as the basis of a lecture on intermediate corporate finance or investments to demonstrate the process using a real
company.
AUTHOR INFORMATION
John C. Gardner is the KPMG Professor of Accounting and Director of the Global Entrepreneurship Initiative in
the Department of Accounting at the University of New Orleans. He earned his undergraduate degree in accounting
from SUNY at Albany, and MBA and Ph.D. degrees in finance from Michigan State University. Dr. Gardner has
published in leading accounting, finance and management science journals including The Accounting Review,
Journal of Accounting Research, Contemporary Accounting Research, Accounting, Organizations and Society,
Journal of Financial and Quantitative Analysis and Decision Sciences. His research interests include multi-national
corporation financial management, capital structure, and financial and forensic accounting.
Carl B. McGowan, Jr., PhD, CFA is a Professor of Finance at Norfolk State University, has a BA in International
Relations (Syracuse), an MBA in Finance (Eastern Michigan), and a PhD in Business Administration (Finance) from
Michigan State. From 2003 to 2004, he held the RHB Bank Distinguished Chair in Finance at the Universiti
Kebangsaan Malaysia and has taught in Cost Rica, Malaysia, Moscow, Saudi Arabia, and The UAE. Professor
McGowan has published in numerous journals including Applied Financial Economics, Decision Science, Financial
Practice and Education, The Financial Review, International Business and Economics Research Journal, The
International Review of Financial Analysis, The Journal of Applied Business Research, The Journal of Business
Case Studies, The Journal of Diversity Management, The Journal of Real Estate Research, Managerial Finance,
Managing Global Transitions, The Southwestern Economic Review, and Urban Studies.
Susan E. Moeller is a Professor of Finance at Eastern Michigan University since 1990. Prior to joining EMU, Dr.
Moeller taught at Northeastern University in Boston and at the University of Michigan - Flint. Her corporate
experience was with Ford Motor Company. She has published in a number of journals including, Journal of
Economic and Financial Education, Journal of Business Case Studies, Journal of Global Business, Journal of
International Finance, Journal of Financial and Strategic Decisions, Management International Review, Journal of
Applied Business Research and AAll Journal.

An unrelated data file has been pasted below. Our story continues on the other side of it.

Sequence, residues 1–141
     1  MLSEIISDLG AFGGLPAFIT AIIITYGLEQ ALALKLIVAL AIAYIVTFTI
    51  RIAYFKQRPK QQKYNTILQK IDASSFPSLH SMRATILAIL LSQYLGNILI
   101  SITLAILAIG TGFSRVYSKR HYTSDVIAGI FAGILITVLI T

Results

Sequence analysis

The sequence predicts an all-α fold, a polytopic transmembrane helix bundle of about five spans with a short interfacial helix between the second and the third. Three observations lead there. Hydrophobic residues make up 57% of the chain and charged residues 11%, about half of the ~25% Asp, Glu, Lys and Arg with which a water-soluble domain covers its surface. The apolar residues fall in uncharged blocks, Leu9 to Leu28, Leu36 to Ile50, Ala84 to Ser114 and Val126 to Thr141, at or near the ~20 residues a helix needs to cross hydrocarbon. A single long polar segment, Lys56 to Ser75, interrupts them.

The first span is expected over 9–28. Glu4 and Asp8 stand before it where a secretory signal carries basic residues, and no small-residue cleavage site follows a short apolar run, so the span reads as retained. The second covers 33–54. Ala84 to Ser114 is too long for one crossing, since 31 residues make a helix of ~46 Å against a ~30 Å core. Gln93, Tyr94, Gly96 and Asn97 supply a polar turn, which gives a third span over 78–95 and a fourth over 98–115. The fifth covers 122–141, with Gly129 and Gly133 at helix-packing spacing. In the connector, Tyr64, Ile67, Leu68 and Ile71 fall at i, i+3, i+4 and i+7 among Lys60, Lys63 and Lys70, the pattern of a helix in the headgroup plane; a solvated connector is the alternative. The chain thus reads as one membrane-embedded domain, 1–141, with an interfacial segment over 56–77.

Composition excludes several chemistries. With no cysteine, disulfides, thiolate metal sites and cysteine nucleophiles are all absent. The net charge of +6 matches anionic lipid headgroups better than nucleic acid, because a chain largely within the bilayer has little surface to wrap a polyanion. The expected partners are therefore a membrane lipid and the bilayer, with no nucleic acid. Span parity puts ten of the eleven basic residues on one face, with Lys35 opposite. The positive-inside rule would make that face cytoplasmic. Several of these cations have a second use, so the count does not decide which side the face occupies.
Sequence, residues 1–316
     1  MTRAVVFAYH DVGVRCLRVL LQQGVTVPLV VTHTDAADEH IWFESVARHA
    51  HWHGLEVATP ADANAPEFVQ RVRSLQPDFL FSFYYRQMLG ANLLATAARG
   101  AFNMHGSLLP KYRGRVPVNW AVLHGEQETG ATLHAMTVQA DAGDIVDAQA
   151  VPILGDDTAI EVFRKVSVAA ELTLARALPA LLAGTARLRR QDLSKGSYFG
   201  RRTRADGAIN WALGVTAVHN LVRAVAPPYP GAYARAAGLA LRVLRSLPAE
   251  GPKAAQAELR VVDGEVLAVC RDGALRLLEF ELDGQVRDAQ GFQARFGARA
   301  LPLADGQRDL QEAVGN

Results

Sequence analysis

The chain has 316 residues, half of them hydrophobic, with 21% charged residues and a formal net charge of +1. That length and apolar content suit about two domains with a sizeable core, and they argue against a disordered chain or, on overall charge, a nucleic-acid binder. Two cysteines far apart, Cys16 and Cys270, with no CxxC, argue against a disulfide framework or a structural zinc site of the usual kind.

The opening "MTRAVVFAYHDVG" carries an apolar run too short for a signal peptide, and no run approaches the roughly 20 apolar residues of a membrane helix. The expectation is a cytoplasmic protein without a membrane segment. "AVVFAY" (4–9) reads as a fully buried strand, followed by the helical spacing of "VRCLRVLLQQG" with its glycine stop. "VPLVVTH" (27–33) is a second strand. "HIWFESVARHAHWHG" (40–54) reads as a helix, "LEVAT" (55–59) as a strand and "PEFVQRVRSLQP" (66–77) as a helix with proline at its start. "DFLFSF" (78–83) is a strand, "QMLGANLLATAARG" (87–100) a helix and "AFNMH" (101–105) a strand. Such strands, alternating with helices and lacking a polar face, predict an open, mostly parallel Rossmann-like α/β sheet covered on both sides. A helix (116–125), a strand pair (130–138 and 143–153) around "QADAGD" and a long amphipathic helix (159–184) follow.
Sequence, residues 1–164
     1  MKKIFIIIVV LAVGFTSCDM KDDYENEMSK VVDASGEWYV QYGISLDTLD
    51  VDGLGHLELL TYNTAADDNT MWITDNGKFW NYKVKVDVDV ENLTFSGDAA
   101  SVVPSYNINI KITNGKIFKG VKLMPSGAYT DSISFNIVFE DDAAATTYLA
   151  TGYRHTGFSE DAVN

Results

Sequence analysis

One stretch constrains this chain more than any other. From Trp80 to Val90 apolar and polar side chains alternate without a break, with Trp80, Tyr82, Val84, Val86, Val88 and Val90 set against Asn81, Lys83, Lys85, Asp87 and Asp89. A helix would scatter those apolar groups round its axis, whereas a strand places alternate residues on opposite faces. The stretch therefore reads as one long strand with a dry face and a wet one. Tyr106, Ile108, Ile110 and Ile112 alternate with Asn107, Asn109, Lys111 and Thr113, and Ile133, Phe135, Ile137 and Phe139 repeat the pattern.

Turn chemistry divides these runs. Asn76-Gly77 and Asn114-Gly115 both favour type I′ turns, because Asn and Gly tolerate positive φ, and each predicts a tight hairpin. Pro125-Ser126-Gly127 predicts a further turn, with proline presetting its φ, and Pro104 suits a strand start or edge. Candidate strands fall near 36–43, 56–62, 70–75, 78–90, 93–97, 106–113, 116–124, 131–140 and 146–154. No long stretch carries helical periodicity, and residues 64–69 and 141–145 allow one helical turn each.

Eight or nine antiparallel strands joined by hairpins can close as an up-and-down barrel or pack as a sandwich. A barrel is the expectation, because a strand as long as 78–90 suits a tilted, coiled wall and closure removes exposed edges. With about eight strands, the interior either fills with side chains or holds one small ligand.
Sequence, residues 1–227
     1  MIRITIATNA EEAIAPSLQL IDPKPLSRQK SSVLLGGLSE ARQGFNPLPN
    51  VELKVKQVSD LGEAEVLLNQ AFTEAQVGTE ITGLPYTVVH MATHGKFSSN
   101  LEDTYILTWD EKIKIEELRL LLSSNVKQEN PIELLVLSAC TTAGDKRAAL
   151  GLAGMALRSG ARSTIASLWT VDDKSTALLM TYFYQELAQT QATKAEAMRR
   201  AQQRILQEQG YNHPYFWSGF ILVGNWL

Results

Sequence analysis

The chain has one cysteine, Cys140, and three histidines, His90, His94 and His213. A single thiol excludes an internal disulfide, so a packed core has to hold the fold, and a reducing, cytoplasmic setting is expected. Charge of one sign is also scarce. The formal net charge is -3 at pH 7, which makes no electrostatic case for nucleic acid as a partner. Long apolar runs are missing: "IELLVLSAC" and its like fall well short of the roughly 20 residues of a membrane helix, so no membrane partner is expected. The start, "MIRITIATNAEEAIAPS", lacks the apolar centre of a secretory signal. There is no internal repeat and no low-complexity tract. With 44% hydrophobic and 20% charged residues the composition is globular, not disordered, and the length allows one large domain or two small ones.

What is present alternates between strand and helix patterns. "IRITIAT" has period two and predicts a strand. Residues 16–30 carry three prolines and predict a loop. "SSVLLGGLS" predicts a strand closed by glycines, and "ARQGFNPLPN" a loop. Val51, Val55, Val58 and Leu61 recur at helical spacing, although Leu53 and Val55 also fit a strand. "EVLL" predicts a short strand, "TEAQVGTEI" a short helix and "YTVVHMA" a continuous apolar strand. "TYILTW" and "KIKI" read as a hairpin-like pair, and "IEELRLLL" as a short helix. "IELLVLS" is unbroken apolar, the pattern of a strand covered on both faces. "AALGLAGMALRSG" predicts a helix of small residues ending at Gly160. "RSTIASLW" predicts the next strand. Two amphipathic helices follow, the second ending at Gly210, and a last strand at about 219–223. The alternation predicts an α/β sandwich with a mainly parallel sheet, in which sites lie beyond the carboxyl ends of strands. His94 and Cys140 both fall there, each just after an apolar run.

107

Screen Shot 2019-10-01 at 7.28.40 PM.png

Journal of Business Case Studies - November/December 2010
Volume 6. Number 6
APPENDIX A
Date
S &P500
Rates of Return S&P500 and COCA-COLA
8/1/2008
1249.01
KO
52.07
REarin
7/1/2008
-1.45
RKO
6/2/2008
1267.38
51.50
5/1/2008
51.98
-0.99
1.11
1280.00
1400.38
57.26
-8.60
0.92
4/1/2008
58.87
1.07
-9.22
3/3/2008
1385.59
1322.70
4.75
-2.73
3.29
2/1/2008
0.60
1/2/2008
1378.53
58.46
-3.48
4.12
-0.92
12/3/2007
1/1/2007
468.36
59.00
1481.14
61.37
-6.12
62.10
-0.86
3.86
10/1/2007
4.40
1.18
055
9/4/2007
1549.38
8/1/2007
1526.75
61.76
7/2/2007
1473.99
57.47
1.48
7.46
53.78
3.58
6.86
3.20
6/1/2007
1455.27
5/1/2007
1503.35
52. 11
4/2/2007
1530.62
52.31
-3.20
52.99
-1.78
-128
3/1/2007
1482.37
1420.86
52.19
3.25
4.33
1.53
2/1/2007
1406.82
48.00
8.73
1/3/2007
1438.24
46.68
-2.18
2.83
12/1/200
47.8
48.25
1.41
-2.5
11/1/200
1418.30
1 26
10/2/2006
1400.6
1377.94
46.83
46.72
1.65
3.03
9/1/2006
1335.85
44.68
3.15
0.24
7/3/200
1303.82
2.46
457
8/1/2006
0.29
1276.66
44.50
2.13
0.70
6/1/2006
1270.20
43.02
051
5/1/2006
0.01
3.44
4/3/2006
1270.0
-2.29
3/1/2006
1310.61
44.0
41.96
3.0
1.22
4.93
0.21
2/1/2006
1294.87
1/3/2006
1280.66
41.87
1280.08
41.97
1.11
-0.24
1 2/1/2005
1248.29
41.38
0.05
1.43
1 1/1/200
40.31
2.55
2.65
10/3/2005
1249.48
1207.01
42.69
0.10
42. 78
3.52
9/1/2005
-1.77
-021
122 8.81
43.19
0.95
8/1/2005
0.69
7/1/2005
1220.33
44.00
-1.12
-1.84
055
6/1/2005
1234.18
5/2/2005
1191.33
43.76
3.60
4.81
1191.50
41.75
4/1/2005
1156.85
44.63
0.01
3.00
6.4
3/1/2005
2.74
2/1/2005
180.59
43.44
41.67
-2.01
-1.91
4.25
1/3/2005
1203.60
1181.27
41.49
1.89
2.64
12/1/2004
121 1.92
-2.53
3.16
1173.82
41.6
-036
1 1/1/200-
10/1/2004
1130.20
39.31
3.25
40.66
3.86
5.93
9/1/2004
3.3
1114.58
1104.24
40.05
1.40
8/2/200-
0.94
1.52
7/1/2004
-10.42
6/1/2004
1101.72
44.71
43.86
0.23
-3.43
1.94
5/3/2004
1140.84
4/1/200
1120.68
50.48
51.35
1.80
121
-1.69
3/1/2004
1107.30
1.54
2/2/200-
1126.21
50.57
50.30
-1.68
0.54
1/2/2004
1144.94
49.96
-1.64
1.22
0.68
12/1/2003
1.73
1.46
2.98
1 1/3/2003
111 1.92
10/1/2003
105 8.20
5.08
9.14
9/2/2003
1050.71
46.50
5.50
0.22
8/1/2003
995.97
46.40
0.71
1008.01
42.96
8.01
43.52
1.29
109